Fisheries scientists find large vessels can exist alongside culture
HONOLULU — Renowned scientists from throughout the Pacific this past week concluded a three-day meeting in Honolulu to develop recommendations on managing fisheries in Hawai'i, American Samoa, Guam, the Commonwealth of the Northern Mariana Islands (CNMI) and the US Pacific Remote Islands Areas.
Recommendations from the Scientific and Statistical Committee (SSC) of the Western Pacific Regional Fishery Management Council will be considered by the Council next week Wednesday through Friday at the Laniakea YWCA, Fuller Hall, 1040 Richards St., Honolulu. Fishermen and other members of the public are invited to attend the meeting and provide their comments and testimonies. Among the recommendations made by the SSC are the following:
AMERICAN SAMOA LARGE VESSEL PROHIBITED AREA (LVPA):
Currently, vessels larger than 50 feet in length are prohibited from fishing within 50 nautical miles (nm) around the islands of Tutuila, Manu'a and Swains. In 2015, the Council's preference was to modify the LVPA exemption area to 12 nm around these islands for the local US longline fleet so as to improve their economic efficiency while taking into consideration the need to prevent overfishing and impacts on small vessels. Subsequently, a federal court determined that consideration must also be given to protecting American Samoa cultural fishing practices. The SSC found that the large vessel economic situation could be addressed while also preventing gear conflicts and supporting preservation of cultural fishing opportunities.
AMERICAN SAMOA SWORDFISH TRIP LIMIT:
A measure implemented in 2011 limits the amount of swordfish that American Samoa longline vessels can land to 10 per fishing trip. The measure mirrored regulations applicable to the Hawaii deep-set longline fishery at the time, which have subsequently changed. While 97 percent of the American Samoa longline trips involve catches of less than 10 swordfish, there are instances when more than 10 swordfish are caught per trip. Swordfish discards as a result of the trip limit regulations result in unnecessary discards and loss of revenue for an economically distressed fishery. Unnecessary swordfish discards also reduce local swordfish supply including swordfish that may be given away to the community and for cultural reasons. The SSC recommended that the Council consider removing the swordfish trip limit. The SSC said such action would not have adverse impacts to the swordfish stock and would eliminate unnecessary regulatory discards that currently reduce revenue for the longline fleet as well as the local swordfish supply. The SSC noted that removal of swordfish trip limit would not lead to increased sea turtle interactions because gear configurations and fishing effort would remain the same.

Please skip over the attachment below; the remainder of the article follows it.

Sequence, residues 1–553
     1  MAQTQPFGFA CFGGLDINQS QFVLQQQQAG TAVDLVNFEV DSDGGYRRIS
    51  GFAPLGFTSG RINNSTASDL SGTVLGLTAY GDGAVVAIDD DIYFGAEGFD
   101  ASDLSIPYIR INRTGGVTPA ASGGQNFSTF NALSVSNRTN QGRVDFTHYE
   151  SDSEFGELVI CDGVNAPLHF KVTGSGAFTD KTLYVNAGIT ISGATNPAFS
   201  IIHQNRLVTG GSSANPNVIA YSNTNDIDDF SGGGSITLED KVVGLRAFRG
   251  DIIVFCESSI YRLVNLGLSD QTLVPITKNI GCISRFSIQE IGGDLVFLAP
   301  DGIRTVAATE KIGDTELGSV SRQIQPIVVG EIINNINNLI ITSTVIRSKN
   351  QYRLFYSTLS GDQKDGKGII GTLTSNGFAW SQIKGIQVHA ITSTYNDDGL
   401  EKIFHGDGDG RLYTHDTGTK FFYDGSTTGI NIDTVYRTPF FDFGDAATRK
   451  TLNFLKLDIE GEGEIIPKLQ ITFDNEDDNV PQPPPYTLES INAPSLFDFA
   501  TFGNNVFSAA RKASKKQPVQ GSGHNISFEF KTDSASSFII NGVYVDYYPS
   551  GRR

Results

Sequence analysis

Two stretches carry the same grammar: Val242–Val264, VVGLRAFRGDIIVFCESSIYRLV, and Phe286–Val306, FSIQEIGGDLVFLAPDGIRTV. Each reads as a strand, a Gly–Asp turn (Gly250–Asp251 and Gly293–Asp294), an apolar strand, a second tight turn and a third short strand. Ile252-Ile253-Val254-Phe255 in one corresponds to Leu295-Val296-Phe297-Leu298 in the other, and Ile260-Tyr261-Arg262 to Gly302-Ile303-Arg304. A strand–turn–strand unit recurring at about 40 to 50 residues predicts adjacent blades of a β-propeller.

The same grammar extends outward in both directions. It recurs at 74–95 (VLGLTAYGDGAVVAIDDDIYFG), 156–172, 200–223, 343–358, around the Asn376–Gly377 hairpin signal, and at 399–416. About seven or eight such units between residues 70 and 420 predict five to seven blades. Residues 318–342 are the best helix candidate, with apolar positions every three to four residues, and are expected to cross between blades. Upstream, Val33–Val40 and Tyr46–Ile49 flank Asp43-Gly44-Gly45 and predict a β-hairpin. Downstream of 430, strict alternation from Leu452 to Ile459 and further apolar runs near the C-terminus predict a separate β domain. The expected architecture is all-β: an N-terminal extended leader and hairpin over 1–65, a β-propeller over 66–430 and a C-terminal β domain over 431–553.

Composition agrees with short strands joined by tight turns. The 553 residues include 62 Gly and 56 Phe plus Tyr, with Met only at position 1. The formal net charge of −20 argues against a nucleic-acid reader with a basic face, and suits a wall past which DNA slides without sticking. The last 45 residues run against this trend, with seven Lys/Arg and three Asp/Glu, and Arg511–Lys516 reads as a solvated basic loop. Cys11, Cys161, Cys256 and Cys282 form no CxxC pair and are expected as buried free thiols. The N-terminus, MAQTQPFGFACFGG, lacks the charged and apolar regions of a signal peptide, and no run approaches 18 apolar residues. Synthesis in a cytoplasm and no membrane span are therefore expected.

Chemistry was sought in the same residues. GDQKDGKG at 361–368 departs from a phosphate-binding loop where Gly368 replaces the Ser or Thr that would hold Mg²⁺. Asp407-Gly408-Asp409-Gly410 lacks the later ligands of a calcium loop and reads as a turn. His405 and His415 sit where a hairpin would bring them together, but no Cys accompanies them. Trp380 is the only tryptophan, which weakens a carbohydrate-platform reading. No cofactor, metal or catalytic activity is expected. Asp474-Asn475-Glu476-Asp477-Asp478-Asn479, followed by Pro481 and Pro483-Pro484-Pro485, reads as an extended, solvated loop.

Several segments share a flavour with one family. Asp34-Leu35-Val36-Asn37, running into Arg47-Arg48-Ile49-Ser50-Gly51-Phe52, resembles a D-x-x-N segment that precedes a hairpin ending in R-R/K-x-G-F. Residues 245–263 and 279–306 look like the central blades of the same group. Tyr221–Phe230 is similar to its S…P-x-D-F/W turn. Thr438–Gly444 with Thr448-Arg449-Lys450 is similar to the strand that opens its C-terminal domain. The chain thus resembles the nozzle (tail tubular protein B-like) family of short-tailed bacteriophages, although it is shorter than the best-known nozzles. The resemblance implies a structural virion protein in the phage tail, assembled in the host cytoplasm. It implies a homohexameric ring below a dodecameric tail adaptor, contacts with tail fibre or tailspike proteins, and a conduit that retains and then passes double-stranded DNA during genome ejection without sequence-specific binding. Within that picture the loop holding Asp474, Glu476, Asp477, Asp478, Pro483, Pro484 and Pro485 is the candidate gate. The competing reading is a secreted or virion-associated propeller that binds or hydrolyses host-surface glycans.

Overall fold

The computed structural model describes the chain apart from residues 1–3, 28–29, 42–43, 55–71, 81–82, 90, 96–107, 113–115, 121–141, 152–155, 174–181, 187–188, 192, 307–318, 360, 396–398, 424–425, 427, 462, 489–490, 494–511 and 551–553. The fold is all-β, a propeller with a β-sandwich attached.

2018 LONGLINE-CAUGHT BIGEYE TUNA LIMITS FOR THE US TERRITORIES IN THE PACIFIC:
The SSC said the projected impacts of a 2,000 metric ton (mt) catch limit each for American Samoa, Guam and the CNMI should not lead to bigeye overfishing and the projected impacts of allowing each territory to transfer 1,000 mt or 2,000 mt of its limit are essentially the same. The territories are authorized to allocate their catch to federally permitted, US longline vessels through Specified Fishing Agreements.
SEA TURTLE INTERACTIONS IN THE HAWAI'I SHALLOW-SET LONGLINE FISHERY:
Loggerhead turtle interactions in the Hawaii longline fishery that sets shallow to target swordfish are associated with a temperature band between 17.5° C to 18.5° C, which provides the basis for the NOAA TurtleWatch map. Available online at https://www.pifsc.noaa.gov/eod/turtlewatch.php, the map provides up-to-date information about the thermal habitat of loggerhead turtles north of the Hawaiian Islands. The SSC recommended improvements to the map to provide additional information that would be useful for fishermen in making decisions for avoiding loggerhead turtles while fishing for swordfish. It also recommended that the Council consider how more timely information on sea turtle interactions could be provided to the fleet through improved communication. The scientists also recommended that sea turtle interactions be managed through an industry-implemented, non-regulatory, transferable interaction quota system or a fleet-wide hard cap with other innovative and efficient methods.
For the complete SSC and Council meeting agendas and associated documents, go to www.wpcouncil.org/category/upcoming-council-and-advisory-body-meetings/ or email email@example.com or phone (808) 522-8220.